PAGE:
We spend our childhood learning how to speak and once we become the parent, we have to learn how to really listen.
Sure, we listen as a child, but we listen to gather what is important to us. We find words and ideas that we can integrate into our own knowledge, our own practice, our own expression.
As a parent, though, we have to listen to gather what is important to those who depend on us. We need to be aware of their needs and concerns, being present and helping them be grow and be cared for in the world.
In the 90s, I got a lot of crap on a butch/femme list because I talked about the role of the parent too much. Most of the list members were young women and they didn’t appreciate the demands and obligations I was trying to work with.
Now it is clear to me that I was trying to explain what I had to learn to take care of the people around me. I had parents who couldn’t listen to me, couldn’t mirror me, couldn’t care for me in real, emotional ways and I had to figure stuff out.
I see my acting out as a child in a different light now, but I still see the obligation of the parent. You have to listen with devotion, persistence and intensity to both help kids find their own expression and to do the work to create a safe space for them to grow, investing in community and commerce that helps provide for them.
It is vital to learn to listen, to become the parent. Parents fight with their kids not to annoy them, as kids may sometimes feel, but because we know that holding high expectations, demanding better, demanding responsibility and demanding mature behaviour helps them grow into better people, into better parents.
In a review of a memoir about someone facing their addictions, the reviewer noted that by definition, the arc of these books is always front loaded; the exciting, dramatic, intense stuff is at the beginning and the healing process leads to a calmer, more centred finale. There is no big denouement, no bang at the end, rather the climax is mature, peaceful, and, we can only hope, satisfying.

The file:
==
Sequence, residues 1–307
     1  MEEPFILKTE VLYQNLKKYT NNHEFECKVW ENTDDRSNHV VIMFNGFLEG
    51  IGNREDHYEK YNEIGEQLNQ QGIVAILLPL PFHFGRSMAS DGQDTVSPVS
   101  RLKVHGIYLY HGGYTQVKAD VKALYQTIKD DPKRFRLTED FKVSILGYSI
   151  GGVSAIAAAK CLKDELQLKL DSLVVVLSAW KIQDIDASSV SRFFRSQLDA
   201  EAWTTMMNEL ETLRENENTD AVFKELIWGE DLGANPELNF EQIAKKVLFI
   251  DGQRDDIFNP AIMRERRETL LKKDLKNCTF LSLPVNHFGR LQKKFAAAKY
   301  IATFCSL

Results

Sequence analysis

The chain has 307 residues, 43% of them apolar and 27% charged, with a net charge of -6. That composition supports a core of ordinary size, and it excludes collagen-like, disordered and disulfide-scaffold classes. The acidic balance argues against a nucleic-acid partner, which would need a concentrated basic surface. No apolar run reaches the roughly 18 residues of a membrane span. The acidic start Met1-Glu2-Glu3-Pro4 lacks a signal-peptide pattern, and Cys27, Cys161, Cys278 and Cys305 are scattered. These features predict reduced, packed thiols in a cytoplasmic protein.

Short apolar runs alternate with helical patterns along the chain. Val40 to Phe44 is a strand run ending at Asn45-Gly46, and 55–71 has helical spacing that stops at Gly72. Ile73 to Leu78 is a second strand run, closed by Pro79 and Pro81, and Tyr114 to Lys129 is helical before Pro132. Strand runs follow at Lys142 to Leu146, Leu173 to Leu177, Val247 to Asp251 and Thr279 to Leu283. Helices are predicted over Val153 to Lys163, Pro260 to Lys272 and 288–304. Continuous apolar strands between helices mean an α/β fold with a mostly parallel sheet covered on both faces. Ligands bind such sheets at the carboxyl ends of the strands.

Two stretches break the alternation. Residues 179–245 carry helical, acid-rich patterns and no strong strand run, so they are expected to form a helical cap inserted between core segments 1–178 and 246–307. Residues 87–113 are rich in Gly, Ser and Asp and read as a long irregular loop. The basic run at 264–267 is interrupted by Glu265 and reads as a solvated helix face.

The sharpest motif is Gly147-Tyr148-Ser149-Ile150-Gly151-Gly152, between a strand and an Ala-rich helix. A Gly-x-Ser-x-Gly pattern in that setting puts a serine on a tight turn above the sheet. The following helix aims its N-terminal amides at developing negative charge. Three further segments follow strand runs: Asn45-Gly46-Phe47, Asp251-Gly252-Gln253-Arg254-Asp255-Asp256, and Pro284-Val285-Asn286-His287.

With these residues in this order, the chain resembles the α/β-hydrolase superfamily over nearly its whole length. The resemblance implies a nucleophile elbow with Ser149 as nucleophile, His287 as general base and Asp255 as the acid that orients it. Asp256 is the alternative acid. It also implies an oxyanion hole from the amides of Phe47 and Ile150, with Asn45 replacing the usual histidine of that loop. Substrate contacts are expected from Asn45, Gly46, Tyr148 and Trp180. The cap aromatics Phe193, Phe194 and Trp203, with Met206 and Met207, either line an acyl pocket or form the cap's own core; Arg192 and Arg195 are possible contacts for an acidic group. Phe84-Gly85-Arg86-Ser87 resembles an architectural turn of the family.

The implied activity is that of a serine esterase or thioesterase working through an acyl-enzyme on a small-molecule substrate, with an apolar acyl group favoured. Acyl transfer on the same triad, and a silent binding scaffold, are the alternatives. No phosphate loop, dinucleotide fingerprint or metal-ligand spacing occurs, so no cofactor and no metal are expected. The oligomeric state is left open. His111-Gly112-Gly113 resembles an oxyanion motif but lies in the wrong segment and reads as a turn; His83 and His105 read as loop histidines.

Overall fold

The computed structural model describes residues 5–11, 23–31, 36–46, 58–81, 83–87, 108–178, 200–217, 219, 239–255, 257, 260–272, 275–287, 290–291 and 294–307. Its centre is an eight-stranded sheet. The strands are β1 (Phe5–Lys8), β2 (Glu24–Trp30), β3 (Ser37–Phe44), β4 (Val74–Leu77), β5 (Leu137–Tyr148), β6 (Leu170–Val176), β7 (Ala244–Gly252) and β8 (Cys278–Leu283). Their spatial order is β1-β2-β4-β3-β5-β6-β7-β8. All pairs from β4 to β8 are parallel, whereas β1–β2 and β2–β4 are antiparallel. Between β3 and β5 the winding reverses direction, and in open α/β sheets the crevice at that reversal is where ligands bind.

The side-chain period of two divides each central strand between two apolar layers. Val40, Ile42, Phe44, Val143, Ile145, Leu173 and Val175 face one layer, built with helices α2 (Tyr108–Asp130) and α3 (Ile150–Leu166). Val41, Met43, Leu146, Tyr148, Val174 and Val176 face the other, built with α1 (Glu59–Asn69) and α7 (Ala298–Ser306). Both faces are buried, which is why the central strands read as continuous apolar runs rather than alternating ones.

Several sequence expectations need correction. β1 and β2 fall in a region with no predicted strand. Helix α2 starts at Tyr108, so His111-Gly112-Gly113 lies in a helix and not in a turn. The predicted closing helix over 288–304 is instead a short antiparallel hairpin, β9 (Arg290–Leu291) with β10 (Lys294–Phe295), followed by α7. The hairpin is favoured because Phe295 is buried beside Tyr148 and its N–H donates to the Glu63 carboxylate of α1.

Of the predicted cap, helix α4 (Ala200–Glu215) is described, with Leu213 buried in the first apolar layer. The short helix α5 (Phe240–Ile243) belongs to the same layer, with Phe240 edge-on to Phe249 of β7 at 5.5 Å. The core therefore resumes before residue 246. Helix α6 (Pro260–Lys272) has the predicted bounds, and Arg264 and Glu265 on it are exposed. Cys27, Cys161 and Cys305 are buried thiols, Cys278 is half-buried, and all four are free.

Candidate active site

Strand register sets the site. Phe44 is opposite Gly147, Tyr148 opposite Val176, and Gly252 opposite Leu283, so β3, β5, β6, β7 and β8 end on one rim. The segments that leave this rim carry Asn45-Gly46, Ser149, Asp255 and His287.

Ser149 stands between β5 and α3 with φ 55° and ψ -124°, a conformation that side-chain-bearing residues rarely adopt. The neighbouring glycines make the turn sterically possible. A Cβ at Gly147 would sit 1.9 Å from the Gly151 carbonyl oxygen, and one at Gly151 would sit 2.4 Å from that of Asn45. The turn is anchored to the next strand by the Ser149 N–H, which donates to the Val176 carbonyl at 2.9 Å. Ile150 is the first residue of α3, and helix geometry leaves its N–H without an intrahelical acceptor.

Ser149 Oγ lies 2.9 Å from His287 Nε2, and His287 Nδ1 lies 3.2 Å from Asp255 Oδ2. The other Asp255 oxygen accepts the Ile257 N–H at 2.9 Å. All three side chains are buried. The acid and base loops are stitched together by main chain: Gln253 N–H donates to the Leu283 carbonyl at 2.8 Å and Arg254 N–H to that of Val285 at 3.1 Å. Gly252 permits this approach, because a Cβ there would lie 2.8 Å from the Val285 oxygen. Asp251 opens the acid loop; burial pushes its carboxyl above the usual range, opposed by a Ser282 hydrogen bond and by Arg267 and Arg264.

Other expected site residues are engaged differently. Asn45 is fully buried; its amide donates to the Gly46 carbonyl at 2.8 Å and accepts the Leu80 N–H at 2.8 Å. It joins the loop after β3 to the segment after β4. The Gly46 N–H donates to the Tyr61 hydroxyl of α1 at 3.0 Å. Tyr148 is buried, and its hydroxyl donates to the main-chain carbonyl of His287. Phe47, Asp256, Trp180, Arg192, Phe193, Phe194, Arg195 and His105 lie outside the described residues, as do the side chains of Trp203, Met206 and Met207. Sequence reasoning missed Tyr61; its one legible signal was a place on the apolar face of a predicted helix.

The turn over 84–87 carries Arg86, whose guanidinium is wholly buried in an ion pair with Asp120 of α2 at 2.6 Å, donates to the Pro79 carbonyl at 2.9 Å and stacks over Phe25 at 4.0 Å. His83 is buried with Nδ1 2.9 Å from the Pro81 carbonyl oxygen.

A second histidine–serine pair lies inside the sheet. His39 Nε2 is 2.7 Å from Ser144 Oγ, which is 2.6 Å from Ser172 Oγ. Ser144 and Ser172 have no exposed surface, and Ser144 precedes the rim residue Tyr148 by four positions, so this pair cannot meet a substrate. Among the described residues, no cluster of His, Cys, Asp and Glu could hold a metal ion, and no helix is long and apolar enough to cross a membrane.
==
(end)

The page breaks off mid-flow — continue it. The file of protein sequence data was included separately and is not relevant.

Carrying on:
To tell a hot-headed child that the best possible outcome of their life is moving beyond self-centred intense sensation, beyond a demand to be heard and to a point of quiet reflection where you can actually hear is often a very tough go. They need their exuberance, their passion, their battle to make a name for themselves in the world.
If they haven’t had people who did mirror them, did challenge them, did demand better from them, though, then they won’t have the focus and persistence required to build a solid foundation for their life. Instead, they will be scattered and indulgent, wasting their power rather than consolidating it.
To listen intently is to help give the gift of focused and effective expression to others.
The gift of gracious receiving
is one of the greatest gifts
we can give anyone.
— Mister Fred Rogers
I only learned to speak after I learned to listen. That, like so many things in my life, was backwards. Harville Hendrix reminds us that people can’t actually heard us until they believe that we have heard them. They follow the standard life pattern, speaking and then listening.
I’m good at listening, but I am bad at believing anyone will listen to me. I have learned to speak audaciously, but not to trust my own cute or charming, merely wise, witty and very reflective.
As children we learn to speak and as parents we learn to listen, and the only way that works is if we master both of those parts with deep commitment. Speak to connect you with the world, listen to connect the world with you.
If that pattern is futzed up, like it is for transwomen who were denied the truth of their voices, who were more about running and hiding than about showing up, well, things don’t work as well. We don’t build the foundation of showing the best of us, which can easily limit our ability to engage the world with vulnerability and grace.
A great human life is about showing up with all the brilliance and all the humility we can muster, being boldly ourselves while being open & caring to others being boldly themselves.